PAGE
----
While coming out through one of the gates he found some people standing and holding some placards on which some un-cognizable names were printed in English alphabet. He thought, “No matter how much you travel all over the world, you still know very little about the people around the globe.” He stood at a place close to an unoccupied seat meant for the visitors. And then he slowly reached his tired palm inside the pocket of his trousers, where the prized gadget was kept.

He found a message from his wife. It had the instructions of how to do online booking of the Uber for hiring a taxi to reach his destination.

He followed her instructions. To his utter dismay he found that the name of the driver was ‘FNU’.

He called his wife, “Hi, Mrs. Pinto, now tell me about this weird name. What does FNU stand for? The name of the driver the Uber people show in my mobile-screen is FNU.”

“Oh God, he may be a Vietnamese or a Chinese I presume.” She proclaimed. “Don’t you talk to him much? Unnecessarily do not get around in jabbering. Mind it, just the bare necessities, O. K.” she farther continued.

  • Oh yeah, don’t you worry, I’ll remember.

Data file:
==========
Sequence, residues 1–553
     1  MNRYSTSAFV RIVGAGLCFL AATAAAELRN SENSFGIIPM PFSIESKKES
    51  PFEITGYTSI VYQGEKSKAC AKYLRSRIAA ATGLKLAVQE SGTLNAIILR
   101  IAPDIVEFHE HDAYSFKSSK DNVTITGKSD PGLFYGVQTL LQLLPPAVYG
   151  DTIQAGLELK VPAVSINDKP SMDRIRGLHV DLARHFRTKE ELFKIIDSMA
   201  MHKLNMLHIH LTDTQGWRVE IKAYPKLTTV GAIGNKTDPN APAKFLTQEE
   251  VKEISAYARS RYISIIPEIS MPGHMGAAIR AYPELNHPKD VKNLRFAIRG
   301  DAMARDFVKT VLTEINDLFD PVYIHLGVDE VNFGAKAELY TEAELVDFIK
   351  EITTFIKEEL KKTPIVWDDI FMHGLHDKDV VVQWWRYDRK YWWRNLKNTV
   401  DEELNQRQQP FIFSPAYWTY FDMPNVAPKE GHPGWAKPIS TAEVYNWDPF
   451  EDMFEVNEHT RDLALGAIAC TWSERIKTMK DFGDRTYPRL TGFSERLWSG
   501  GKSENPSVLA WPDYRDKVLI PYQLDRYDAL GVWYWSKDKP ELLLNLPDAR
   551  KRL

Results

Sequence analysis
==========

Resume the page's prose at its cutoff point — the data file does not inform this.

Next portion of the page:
• Check in your mobile-GPS, how far that fellow is now?
  • Okay, let me see.
  • It’s easy to find in an android set. You can find the exact location and the distance even. Have you noticed the same? … Her blurting continued.

They continued the conversation for about a couple of minutes, while at the back of his mind Mr. Pinto thought, “It’s literally hard to engage in a real conversation with the cabbies from those regions. Anyway, this time I’ll obey her words diligently.” He smiled once again. And the corners of his mouth turned up once more owing to his mischievous smile.

The journalist within him would always seek out to exchange some talks to extract some insights about the people of that part of the world. He can’t remain passive while travelling. In spite of ageing-body his gestures are very much lively and vivid.

Mr. Pinto recollected. Once he chanced upon a Vietnamese cab-driver, named ‘Tu’. It was one of the most boring taxi rides in his life. Tu spoke the bare minimum. And Mr. Pinto was left with the sole option of reading a novel of Robin Cook with rapt attention without even lifting his head through the windscreen.

Soon FNU, the Uber-Dude, called Mr. Pinto to coordinate the exact pick-up point close to the BWI, the Baltimore Washington International Airport. And to his utter surprise, Mr. Pinto found that the English-accent of that fellow, FNU, was very much autochthon close to his own native-land. He soliloquized, “Thank God, an indigenous FNU-dude. I’ll definitely have a good conversation on the way. I’m sick and tired of being alone and holding my whisht.”